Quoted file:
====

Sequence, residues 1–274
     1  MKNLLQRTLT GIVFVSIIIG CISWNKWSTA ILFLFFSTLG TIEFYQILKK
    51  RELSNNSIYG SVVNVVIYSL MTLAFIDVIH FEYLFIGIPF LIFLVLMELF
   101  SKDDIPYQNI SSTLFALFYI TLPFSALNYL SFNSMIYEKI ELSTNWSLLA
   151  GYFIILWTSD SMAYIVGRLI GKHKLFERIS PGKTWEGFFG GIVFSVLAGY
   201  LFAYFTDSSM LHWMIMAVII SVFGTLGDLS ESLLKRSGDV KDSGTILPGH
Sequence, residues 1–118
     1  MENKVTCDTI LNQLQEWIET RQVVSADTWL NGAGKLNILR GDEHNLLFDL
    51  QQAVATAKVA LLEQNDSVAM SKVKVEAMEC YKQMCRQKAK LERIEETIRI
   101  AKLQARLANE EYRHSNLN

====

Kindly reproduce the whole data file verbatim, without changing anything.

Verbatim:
Sequence, residues 1–274
     1  MKNLLQRTLT GIVFVSIIIG CISWNKWSTA ILFLFFSTLG TIEFYQILKK
    51  RELSNNSIYG SVVNVVIYSL MTLAFIDVIH FEYLFIGIPF LIFLVLMELF
   101  SKDDIPYQNI SSTLFALFYI TLPFSALNYL SFNSMIYEKI ELSTNWSLLA
   151  GYFIILWTSD SMAYIVGRLI GKHKLFERIS PGKTWEGFFG GIVFSVLAGY
   201  LFAYFTDSSM LHWMIMAVII SVFGTLGDLS ESLLKRSGDV KDSGTILPGH
Sequence, residues 1–118
     1  MENKVTCDTI LNQLQEWIET RQVVSADTWL NGAGKLNILR GDEHNLLFDL
    51  QQAVATAKVA LLEQNDSVAM SKVKVEAMEC YKQMCRQKAK LERIEETIRI
   101  AKLQARLANE EYRHSNLN